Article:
Travel and adventure brand Kathmandu has revealed how it is using WeChat to improve the lives of workers.
As first reported in Ragtrader magazine'ssustainability report earlier this year, the retailer has been using the social media channel to give workers a voice.
Now Kathmandu has released its findings in its seventh annual Sustainability Report,
Kathmandu revealed workers can access the company via a WeChat social media address.
Workers can access it by scanning a QR code found on Chinese versions of the company’s code of conduct posted in factories.
Kathmandu corportate responsibility manager Gary Shaw said it has revolutionised accountability.
"We care about the welfare of every worker in our supply chain, but enabling people to raise issues about workplace practices and conditions was previously extremely difficult.
"In some cultures it can be challenging to make a complaint, but the QR code has proved to be empowering.
"We can now receive messages directly from the workers making our products. We also have a corporate social responsibility specialist on the ground in China and when any issues arise, we work in partnership with our ethical sourcing partner, ELEVATE Limited, to implement a corrective action and improvement plan.”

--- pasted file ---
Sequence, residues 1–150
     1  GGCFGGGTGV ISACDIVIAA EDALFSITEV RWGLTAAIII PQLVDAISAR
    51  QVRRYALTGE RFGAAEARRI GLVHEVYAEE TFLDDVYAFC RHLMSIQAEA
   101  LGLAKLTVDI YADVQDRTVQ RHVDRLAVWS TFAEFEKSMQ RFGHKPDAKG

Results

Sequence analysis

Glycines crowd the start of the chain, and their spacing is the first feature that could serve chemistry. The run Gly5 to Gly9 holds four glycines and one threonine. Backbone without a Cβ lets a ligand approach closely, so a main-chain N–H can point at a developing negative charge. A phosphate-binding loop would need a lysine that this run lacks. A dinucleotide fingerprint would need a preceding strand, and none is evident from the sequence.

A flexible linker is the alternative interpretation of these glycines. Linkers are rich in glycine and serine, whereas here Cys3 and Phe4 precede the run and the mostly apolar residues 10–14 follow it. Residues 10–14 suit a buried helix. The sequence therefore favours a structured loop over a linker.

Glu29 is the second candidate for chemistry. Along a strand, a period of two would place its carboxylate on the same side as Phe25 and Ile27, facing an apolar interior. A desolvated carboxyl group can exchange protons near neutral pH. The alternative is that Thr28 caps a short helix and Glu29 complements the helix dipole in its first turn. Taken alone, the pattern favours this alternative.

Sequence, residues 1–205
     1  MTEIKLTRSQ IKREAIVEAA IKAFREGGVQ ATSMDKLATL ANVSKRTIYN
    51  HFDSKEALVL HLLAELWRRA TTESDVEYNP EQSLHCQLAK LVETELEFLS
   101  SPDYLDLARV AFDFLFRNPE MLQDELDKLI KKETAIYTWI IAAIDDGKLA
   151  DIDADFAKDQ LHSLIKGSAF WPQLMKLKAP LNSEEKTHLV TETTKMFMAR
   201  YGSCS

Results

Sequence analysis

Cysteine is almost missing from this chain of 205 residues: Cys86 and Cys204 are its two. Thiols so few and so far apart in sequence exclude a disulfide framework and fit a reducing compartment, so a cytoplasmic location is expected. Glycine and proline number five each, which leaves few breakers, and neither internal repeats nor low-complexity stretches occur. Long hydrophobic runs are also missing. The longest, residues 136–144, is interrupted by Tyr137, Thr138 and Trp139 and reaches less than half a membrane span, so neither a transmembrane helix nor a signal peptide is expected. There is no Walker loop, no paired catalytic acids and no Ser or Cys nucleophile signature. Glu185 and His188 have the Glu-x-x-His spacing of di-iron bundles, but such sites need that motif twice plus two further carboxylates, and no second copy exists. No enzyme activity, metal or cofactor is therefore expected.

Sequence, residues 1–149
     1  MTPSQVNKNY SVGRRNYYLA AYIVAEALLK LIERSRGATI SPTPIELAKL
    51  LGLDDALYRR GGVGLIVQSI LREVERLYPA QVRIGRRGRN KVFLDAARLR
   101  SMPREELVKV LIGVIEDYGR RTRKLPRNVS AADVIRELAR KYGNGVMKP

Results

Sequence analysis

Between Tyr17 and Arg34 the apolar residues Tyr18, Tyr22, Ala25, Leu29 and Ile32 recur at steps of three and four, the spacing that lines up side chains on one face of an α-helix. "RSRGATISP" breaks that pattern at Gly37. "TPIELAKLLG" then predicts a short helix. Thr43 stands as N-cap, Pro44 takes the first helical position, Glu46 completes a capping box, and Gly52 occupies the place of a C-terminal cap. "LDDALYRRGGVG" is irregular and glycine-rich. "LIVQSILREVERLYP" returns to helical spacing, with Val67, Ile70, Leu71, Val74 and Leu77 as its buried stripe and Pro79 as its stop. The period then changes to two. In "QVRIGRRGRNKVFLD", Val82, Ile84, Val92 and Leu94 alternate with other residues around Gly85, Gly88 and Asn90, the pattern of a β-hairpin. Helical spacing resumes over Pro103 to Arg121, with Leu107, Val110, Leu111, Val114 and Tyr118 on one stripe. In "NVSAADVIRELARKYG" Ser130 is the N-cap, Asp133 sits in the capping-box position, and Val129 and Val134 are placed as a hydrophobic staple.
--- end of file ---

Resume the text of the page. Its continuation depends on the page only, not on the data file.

Kathmandu’s CSR specialist provides additional training to help the factory build better internal grievance mechanisms.
During the year Kathmandu achieved a number of sustainability milestones including being ranked #2 in the world amongst global outdoor brands for its use of sustainable materials for the second year in a row.
The ranking came from the Textile Exchange Preferred Fibre and Material market report which tracks the progress of the textile industry in accelerating sustainable practices.
In the outdoor and sports category Kathmandu maintained its overall position as number 2 in 2018.
Its total score improved primarily because of the commitment to using 100% preferred man made cellulosics, (made from a naturally occurring polymer) combined with the uptake of use of recycled cotton.
Kathmandu has committed to using only sustainable cotton by 2020 and is well on its way to attaining that goal with sustainable cotton use increasing to 78 percent over the last year.
Further recognition of Kathmandu‘s continued progress in ethical practices came with Kathmandu being accredited by the Fair Labour Association.
This complimented the outdoor brand being awarded an A rating from the 2018 Ethical Fashion Guide produced by Baptist World Aid Australia and Tearfund New Zealand which grades companies on their ethical fashion practices.